Each emotional system is hierarchically arranged throughout much of the brain, interacting with more evolved cognitive structures in the higher reaches, and specific physiological and motor outputs at lower levels. The emotional systems are centrally placed to coordinate many higher and lower brain activities, and each emotional system also interacts with many other nearby emotional systems. Because of the ascending interactions with higher brain areas, there is no emotion without a thought, and many thoughts can evoke emotions. Because of the lower interactions, there is no emotion without a physiological or behavioral consequence, and many of the resulting bodily changes can also regulate the tone of the emotional systems in a “feedback” manner. (p, 27)

        Taxonomies of emotions are bound to differ depending on an investigator’s preferred level of analysis. For instance, subtle social emotions like shame, guilt, and embarrassment may emerge from separation-distress systems interacting with higher brain functions. In any event , at the present time, the lower command level provide the best organizational principles for scientific inquires. We can now be confident that a limited number of executive structures for emotionality were created in our brains by our genetic heritage, but we cannot yet be certain how many exist and how widespread they are in the nervous system.”

        Selected excerpts from, “Affective Neuroscience: The Foundations of Human and Animal Emotions.” by Jaak Panksepp.

        Are most “intellectuals,” here on MIA, too firmly “attached” to those wonderful cognitive constructs, and the life of the mind? Will we continue to regurgitate cognitive constructs here, as we wind on down the road, our shadows taller than our Souls?

        We’re not animals and we don’t have instincts? There is no predator/prey axis in the emotional life of human beings?

        Best wishes,

        David Bates.

  9. I definitely can support the idea of “formulation,” IF it is a formulation that is created by the CLIENT in collaboration with a supportive professional, who is not invested in their own explanation of their client’s reality. I would stay away from clinical language altogether, and put it in the client’s words (i.e. “The client says he hears people talking to him that others don’t appear to be able to hear, one of whom is rather rude and scary, and he would like this voice to be quiet or at least be nicer. He says the voice reminds him of his mother’s and he wonders if it may be related to how he used to treat her as a child.”), and I would require that the clinician check back at every juncture with the client to make sure their version of reality continued to reflect the client’s formulation of the problem.

    Unfortunately, it would be way too easy to take “formulation” and make it into a disguise for “diagnosis” if the clinician decides to substitute his/her voice for the client’s, whom the clinician may easily decide “lacks the insight” to be able to do his/her own formulation. The element of the clinician’s humility is the critical factor, regardless of what you call the final product.

    I really appreciate your efforts to create an alternative view. I do agree also with the concerns raised regarding reimbursement – it’s hard to see how insurance companies will pay for something without their little diagnostic codes to make them feel secure. Perhaps the idea of subsuming mental/spiritual/emotional well being under the rubric of medical care/insurance has to change before we see real progress.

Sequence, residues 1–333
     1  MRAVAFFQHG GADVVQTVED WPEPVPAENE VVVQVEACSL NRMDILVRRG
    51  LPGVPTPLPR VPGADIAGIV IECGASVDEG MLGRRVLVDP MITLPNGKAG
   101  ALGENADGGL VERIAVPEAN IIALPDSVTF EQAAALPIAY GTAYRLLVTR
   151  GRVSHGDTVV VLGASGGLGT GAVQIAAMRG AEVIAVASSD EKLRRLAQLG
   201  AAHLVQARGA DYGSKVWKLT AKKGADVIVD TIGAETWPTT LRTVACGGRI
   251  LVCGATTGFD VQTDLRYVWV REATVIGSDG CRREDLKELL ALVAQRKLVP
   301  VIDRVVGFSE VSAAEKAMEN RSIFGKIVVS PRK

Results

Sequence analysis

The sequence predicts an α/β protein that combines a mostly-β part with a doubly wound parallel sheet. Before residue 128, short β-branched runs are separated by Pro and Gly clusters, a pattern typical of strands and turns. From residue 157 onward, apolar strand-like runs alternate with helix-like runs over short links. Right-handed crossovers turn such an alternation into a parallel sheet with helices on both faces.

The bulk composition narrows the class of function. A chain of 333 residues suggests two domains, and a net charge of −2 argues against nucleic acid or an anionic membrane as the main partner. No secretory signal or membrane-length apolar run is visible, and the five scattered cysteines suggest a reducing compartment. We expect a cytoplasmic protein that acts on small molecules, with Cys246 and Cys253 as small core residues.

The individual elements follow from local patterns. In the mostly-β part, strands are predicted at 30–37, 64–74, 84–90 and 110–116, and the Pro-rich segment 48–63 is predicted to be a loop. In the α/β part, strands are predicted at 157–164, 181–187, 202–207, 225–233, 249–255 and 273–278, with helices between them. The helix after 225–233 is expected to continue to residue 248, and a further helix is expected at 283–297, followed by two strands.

—- Steve

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  11. Lucy,
    When you say that formulation “can be defined as the process of co-constructing a hypothesis or ‘best guess’ about the origins of a person’s difficulties in the context of their relationships, social circumstances, life events, and the sense that they have made of them”, this describes what the French have long called “la clinique”,(long before “formulation” came about), i.e. the therapeutic relationship and collaboration between person and therapist to work towards recovery.

    The problem with that is that it can and often leads the psychiatric system to take a so-called humane way to still put their bio-medical stamp on your story, i.e. pathologising it.

    As you quite rightly say, there is a need to acknowledge different cultures.
    I can tell you that the French system still thinks that there is nothing better than the diagnostic system but they also cling on to certain diagnostics no matter what, e.g. BDP or schizophrenia. The French psychiatric culture also intellectualises “psychiatric disorders” in a way that does not exist in Anglo-Saxon culture. French descriptions of the BPD, for instnace, are quite extraordinary in that respect.

    Actually I am going to present at a psy seminar in Paris in May (to coincide with the publication of the DSM) and I already know that I am going to have a fight on my hands. The French users are not educated politically about psychiatry as they can be in the UK where I am based or in other Anglo-Saxon countries. Besides the French, and others, would argue that they do not use the DSM but the WHO’s ICD-10. It does not matter that the DSM and ICD are currently harmonising their codes and desciptions, they point to the prestige of the WHO, as an organisation said to produce quality tools, to legitimise the use of diagnoses. It is self-serving and hyprocritical of course, but also extremely powerful lobbying.

  12. Hi Licinia
    I don’t know but I can tell you that it very much depends on which perspective you are coming from. Indeed, there are still practitioners who have trained in psychoanalysis who would offer a different presentation, looking at the relationship between “language, unconscious and symptom”. Then there are practitioners whose approach follows the medical model. Even then there are perspectives which look at causality between psychological experiences and physical explanations (different explanations).
    I will see what I can find out from a psychoanalyst I am in contact with about your particular question.
    cheers
    Anne-Laure